Review: “King’s Cage” by Victoria Aveyard

You know, I really want to like this series more than I…don’t. It really has everything I love in a fantasy novel, and the concept of book is fantastic. But I’ve struggled with this series since book 1 (re-read Red Queen and gave it a higher rating than my previous one) and each book just feels average to me, though there are definitely parts I liked.

Hopefully this doesn’t sound like me just complaining.

This review may contain spoilers for the previous books.

King's CageTitle: King’s Cage (Red Queen #3)
Author: Victoria Aveyard
Publisher: Harper Teen
Release date: February 7, 2017
Genre: Young adult, fantasy
Length: 507 pages (hardcover)
Synopsis: (via Goodreads) When the Lightning Girl’s spark is gone, who will light the way for the rebellion?

Mare Barrow is a prisoner, powerless without her lightning, tormented by her lethal mistakes. She lives at the mercy of a boy she once loved, a boy made of lies and betrayal. Now a king, Maven Calore continues weaving his dead mother’s web in an attempt to maintain control over his country—and his prisoner.

As Mare bears the weight of Silent Stone in the palace, her once-ragtag band of newbloods and Reds continue organizing, training, and expanding. They prepare for war, no longer able to linger in the shadows. And Cal, the exiled prince with his own claim on Mare’s heart, will stop at nothing to bring her back.

When blood turns on blood, and ability on ability, there may be no one left to put out the fire—leaving Norta as Mare knows it to burn all the way down.”

new three and a half stars

new my thoughts

plot text
I liked this plot well enough, although it got boring and I find myself struggling to care. The whole idea of Maven keeping Mare as a bit of a pet because he supposedly loves her was a hard pill to swallow. However, because of that situation, we learned a lot of world-building information. I did enjoy the parts with Mare and her family and how, even for a little bit, things seemed normal. Mare’s discovery of more New Bloods and how exactly they are treated in other countries was revealing, and really makes you wonder how it’s going to play out for Norta. Unfortunately, I’m still not convinced of Cal and Mare’s romance. To be honest I don’t care for Cal or Maven as love interests at all. I never felt connected with them. The introduction of the Lakelander country and how they fit into Maven’s plan is just…weird. There’s also a bit of a religious aspect brought into the story from the Lakelander princess, Iris. I can’t even remember why Norta and other countries are using Reds as their soldiers. To fight a war in hopes of…what exactly? Deep struggles here for me.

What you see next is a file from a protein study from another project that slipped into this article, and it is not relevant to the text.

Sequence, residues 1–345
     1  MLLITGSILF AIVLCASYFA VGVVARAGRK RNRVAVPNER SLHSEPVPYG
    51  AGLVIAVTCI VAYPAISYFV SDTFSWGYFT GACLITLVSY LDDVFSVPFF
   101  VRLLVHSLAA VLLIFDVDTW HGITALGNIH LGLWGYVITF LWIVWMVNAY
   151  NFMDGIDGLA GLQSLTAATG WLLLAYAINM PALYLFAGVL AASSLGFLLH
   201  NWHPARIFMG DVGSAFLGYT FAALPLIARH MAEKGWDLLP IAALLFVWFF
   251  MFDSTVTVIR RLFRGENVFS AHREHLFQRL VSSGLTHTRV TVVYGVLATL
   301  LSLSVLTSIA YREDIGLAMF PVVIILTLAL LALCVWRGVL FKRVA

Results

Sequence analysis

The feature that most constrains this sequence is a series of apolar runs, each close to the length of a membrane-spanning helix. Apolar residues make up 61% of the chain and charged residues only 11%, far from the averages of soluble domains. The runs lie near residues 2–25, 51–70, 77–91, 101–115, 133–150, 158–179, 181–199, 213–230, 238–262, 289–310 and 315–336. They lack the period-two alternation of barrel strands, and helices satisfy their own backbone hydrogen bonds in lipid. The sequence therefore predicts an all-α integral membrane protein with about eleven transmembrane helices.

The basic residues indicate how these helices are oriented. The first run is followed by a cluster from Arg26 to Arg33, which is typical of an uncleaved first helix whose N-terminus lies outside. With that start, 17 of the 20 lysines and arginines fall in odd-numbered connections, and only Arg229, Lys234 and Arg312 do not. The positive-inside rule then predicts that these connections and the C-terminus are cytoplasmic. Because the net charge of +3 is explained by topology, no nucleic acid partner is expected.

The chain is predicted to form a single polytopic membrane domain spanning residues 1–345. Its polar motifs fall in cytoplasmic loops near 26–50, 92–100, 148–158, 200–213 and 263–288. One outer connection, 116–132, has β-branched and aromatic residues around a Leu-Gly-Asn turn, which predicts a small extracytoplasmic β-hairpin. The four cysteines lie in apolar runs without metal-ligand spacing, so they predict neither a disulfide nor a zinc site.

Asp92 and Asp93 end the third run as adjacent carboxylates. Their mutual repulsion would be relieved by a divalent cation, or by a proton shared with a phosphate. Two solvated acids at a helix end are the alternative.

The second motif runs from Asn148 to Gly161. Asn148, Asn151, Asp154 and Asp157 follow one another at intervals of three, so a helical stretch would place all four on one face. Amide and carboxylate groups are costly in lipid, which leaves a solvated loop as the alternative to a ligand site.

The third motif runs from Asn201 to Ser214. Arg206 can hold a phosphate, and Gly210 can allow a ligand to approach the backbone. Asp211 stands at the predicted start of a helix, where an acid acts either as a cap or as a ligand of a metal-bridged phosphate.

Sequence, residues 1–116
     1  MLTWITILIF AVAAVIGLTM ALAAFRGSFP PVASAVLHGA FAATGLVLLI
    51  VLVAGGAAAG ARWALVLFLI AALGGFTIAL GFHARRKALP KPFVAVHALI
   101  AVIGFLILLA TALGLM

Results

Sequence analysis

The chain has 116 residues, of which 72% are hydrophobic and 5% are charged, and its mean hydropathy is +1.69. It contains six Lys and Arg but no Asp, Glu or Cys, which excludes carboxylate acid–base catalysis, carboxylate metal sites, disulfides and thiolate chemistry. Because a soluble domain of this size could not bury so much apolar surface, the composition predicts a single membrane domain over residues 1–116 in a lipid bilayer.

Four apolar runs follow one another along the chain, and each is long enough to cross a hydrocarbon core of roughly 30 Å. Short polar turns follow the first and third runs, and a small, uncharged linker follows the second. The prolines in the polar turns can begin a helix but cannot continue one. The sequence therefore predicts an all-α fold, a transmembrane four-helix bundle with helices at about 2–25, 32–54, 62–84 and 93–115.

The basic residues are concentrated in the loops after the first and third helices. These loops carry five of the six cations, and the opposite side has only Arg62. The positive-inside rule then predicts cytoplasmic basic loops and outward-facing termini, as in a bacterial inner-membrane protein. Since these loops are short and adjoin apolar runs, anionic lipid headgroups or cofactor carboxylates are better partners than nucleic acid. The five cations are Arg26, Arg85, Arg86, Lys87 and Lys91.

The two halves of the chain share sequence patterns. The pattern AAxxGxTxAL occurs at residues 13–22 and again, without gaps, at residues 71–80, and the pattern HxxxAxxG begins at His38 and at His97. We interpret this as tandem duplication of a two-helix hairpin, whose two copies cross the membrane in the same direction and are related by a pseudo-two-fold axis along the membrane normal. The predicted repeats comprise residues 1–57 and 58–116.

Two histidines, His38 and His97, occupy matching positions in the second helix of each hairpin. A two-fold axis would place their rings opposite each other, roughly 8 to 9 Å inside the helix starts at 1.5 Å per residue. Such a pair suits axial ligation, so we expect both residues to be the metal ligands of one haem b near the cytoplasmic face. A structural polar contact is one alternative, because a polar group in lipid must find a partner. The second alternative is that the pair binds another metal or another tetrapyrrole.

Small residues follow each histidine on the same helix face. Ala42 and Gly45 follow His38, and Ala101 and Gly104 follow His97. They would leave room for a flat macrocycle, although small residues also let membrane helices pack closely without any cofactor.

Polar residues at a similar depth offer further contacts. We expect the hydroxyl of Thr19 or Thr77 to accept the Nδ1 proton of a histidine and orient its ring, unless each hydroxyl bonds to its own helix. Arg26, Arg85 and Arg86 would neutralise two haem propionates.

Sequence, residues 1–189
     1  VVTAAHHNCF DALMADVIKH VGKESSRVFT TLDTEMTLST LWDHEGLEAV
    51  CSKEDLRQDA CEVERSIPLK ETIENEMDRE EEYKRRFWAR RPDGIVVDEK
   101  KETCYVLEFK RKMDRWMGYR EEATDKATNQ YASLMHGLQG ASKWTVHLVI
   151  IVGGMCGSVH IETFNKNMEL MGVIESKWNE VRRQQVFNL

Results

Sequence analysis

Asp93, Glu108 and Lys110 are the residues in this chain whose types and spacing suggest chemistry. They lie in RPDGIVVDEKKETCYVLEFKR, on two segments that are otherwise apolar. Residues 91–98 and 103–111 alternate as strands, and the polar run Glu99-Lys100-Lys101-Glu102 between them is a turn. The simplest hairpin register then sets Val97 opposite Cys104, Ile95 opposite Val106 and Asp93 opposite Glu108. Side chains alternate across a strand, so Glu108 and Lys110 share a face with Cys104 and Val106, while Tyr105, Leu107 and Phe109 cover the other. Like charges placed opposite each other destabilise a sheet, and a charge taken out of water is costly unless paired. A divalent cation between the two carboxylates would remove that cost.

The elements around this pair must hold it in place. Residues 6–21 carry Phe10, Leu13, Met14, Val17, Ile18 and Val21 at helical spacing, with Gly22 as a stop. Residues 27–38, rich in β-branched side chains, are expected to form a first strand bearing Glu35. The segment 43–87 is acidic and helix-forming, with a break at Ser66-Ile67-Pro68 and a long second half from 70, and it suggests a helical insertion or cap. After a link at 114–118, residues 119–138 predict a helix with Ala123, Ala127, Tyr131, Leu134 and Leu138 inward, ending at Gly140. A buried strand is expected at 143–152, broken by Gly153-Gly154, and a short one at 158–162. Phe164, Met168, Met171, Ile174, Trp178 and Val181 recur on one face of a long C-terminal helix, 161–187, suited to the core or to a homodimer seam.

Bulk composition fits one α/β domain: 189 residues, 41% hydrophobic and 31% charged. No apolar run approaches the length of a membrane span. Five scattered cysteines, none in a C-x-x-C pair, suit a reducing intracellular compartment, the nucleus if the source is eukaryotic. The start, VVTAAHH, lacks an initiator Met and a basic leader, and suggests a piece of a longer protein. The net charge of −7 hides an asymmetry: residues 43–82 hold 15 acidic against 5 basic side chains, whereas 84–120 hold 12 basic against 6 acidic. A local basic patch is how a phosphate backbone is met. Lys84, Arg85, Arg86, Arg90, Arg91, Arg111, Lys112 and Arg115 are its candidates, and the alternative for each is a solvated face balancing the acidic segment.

The introduction of the Kingdom of the Rift with Evangeline’s family and all that entails… I just…

Usagi confused

I had read somewhere that there was a big plot twist akin to what Maven did in the previous book, Glass Sword. I would say it’s not as shocking as that, but it definitely does feel like a punch in the gut.

characters
Another struggle here: liking the characters. I do think Mare is a realistic character, and she goes through a lot mentally and emotionally, so it’s really nice to see the normalcy she has when she is with her family. Their reunion was really bittersweet. It really seemed like Gisa was coming to her own, too. I like the tentative friendship Mare and Farley, which I really think is shaped by their connection with Mare’s brother, Shade, and the evidence of their relationship.

I listened to the audiobook and was interested in Cameron and even Evangeline’s narration. I definitely wasn’t expecting the latter. I actually like Cameron well enough, but am not sure how to feel about Evangeline. We see that she’s being pulled in multiple directions but her heart is very settled on simply living with Elaine because it’s what makes her happy. Though I will say Evangeline is super cut-throat and maybe I might like her? I don’t quite know yet. I hate that she’s a puppet, and I actually want her to find some happiness if it means she’ll just leave well-enough alone.

writing style text
In terms of Aveyard’s writing style, I really don’t have anything bad to say. She writes well, and she tells a good story. It’s engrossing, and my low rating of the book has nothing to do with her writing, more of my lack of connection. I’m intrigued to see what else she will write, as there’s some rumors that now that Broken Throne will release next week, she has a YA fantasy in the works. There hasn’t been an official announcement yet though.

Check out these other reviews:

You can purchase this book from Amazon, Barnes and Noble, Book Depository (U.K. paperback), or find it at your local indie on IndieBound.

xo nicole signature

14 thoughts on “Review: “King’s Cage” by Victoria Aveyard

  1. Tiffany says:

    Thank you so much for the linked share! I originally loved this series so much but over time realized how slow they are. I also don’t understand why she keeps writing so many short stories for the series instead of doing something new. Will you be continuing the series?

    Liked by 1 person

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